Page:Popular Science Monthly Volume 22.djvu/474

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458
THE POPULAR SCIENCE MONTHLY.

the largest tree found on the ground was not over two hundred and fifty years old, the time of the abandonment of the cemetery can not be more than three hundred years ago. This would take it back to less than one hundred years after the discovery of America by Columbus. The present State of Ohio was then probably occupied by a tribe of Indians known as the Eries, who were totally exterminated in 1656,[1] and it is possible we have in this cemetery one of the burial-places of this tribe of Indians.

Catlinite pipes were unknown to the mound-builders, yet some made of this material are found in this cemetery. Hogs rooting in the ground find sufficient nutriment in the bones to eat them greedily, and probably there would be fewer bone implements found if they had not been buried in ash-pits.[2]

Everything, therefore, tends to show the comparatively recent date of this cemetery, and I would state, as a reasonable conclusion, that the remains are those of a tribe of Indians, perhaps the Eries, and were deposited not more than three hundred and perhaps only two hundred and fifty years ago.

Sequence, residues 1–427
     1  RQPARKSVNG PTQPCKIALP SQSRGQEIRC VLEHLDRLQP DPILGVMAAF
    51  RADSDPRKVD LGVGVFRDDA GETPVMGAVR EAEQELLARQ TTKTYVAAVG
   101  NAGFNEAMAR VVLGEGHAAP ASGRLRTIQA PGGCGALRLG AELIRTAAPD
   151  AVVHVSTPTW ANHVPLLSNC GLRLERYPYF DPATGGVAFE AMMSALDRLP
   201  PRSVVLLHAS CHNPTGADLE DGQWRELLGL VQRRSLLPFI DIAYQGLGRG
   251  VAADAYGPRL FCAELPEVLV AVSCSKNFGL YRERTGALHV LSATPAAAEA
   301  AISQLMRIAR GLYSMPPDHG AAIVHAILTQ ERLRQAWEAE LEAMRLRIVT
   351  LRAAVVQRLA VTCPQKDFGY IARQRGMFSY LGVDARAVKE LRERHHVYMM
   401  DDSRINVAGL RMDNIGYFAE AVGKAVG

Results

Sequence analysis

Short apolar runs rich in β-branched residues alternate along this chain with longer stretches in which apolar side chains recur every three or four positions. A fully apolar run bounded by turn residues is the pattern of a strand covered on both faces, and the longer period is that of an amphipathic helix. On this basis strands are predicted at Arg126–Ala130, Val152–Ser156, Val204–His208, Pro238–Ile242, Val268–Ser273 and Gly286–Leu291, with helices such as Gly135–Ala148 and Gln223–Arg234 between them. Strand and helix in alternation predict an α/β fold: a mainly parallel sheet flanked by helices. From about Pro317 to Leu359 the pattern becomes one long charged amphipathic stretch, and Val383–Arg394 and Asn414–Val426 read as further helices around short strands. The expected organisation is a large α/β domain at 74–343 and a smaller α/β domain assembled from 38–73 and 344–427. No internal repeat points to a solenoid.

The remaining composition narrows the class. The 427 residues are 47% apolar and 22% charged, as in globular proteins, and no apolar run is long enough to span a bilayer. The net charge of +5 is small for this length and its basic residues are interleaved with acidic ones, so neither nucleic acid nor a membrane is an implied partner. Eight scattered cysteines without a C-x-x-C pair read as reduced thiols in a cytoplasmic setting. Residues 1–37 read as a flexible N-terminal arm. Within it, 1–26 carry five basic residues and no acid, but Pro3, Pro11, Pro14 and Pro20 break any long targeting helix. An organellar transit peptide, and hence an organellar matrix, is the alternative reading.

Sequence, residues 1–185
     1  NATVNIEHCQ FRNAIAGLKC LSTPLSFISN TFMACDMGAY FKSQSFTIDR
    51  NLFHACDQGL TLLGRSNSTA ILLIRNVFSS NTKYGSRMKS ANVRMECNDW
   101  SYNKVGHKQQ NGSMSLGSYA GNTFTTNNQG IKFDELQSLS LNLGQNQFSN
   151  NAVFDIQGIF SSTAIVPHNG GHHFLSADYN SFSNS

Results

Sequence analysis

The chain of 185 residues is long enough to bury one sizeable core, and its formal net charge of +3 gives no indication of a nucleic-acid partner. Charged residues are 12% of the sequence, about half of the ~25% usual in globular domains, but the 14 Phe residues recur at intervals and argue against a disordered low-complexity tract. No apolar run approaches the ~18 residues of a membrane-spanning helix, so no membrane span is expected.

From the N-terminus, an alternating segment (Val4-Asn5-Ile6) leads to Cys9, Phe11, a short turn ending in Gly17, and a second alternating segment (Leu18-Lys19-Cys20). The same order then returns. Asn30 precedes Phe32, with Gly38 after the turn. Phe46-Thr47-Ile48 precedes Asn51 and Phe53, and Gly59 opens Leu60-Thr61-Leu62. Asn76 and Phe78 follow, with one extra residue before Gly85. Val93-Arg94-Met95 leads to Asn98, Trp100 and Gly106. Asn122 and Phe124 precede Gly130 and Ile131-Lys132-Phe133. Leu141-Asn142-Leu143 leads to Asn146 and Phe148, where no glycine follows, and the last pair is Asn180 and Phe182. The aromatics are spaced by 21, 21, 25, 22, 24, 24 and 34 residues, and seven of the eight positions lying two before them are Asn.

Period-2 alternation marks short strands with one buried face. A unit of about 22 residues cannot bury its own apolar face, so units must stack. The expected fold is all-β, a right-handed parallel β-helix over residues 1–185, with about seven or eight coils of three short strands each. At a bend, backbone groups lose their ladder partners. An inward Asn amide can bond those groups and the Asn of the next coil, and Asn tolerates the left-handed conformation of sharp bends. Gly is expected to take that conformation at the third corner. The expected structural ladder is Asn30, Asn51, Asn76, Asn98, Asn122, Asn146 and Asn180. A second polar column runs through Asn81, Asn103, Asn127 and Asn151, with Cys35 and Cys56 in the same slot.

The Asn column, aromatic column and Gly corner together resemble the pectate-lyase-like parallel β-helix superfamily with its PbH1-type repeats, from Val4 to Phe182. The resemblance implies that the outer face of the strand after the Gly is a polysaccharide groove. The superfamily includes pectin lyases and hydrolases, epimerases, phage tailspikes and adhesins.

THE UNIVERSITY IDEAL.[3]
By ALEXANDER BAIN, LL. D.

GENTLEMEN: By your flattering estimate of my services, I have been unexpectedly summoned from retirement to assume the honors and the duties of the purple, and to occupy the most historically important office in the universities of Europe.

The present demands upon the rectorship somewhat resemble what we are told of the Homeric chief, who, in company with his council or senate, the Boulè, and the popular assembly, or Agora, made up the political constitution of the tribe. The functions of the chief, it is said, were to supply wise reason to the Boulè (as we might call our court), and unctuous eloquence to the Agora. The second of these requirements is what weighs upon me at the present moment.

Whatever may have been the practice of my predecessors, generally strangers to you, it would be altogether unbecoming in me to travel out of our university life for the materials of an address. My remarks, then, will principally bear on the University Ideal.

  1. "Some Early Notices of the Indians of Ohio," by M. F. Force, published by K. Clarke & Co., Cincinnati, 1879, pp. 1–11.
  2. For an account of these pits, see "Journal of the Cincinnati Society of Natural History," vol. iii.
  3. Rectorial Address to the Students of Aberdeen University, Wednesday, November 15, 1882.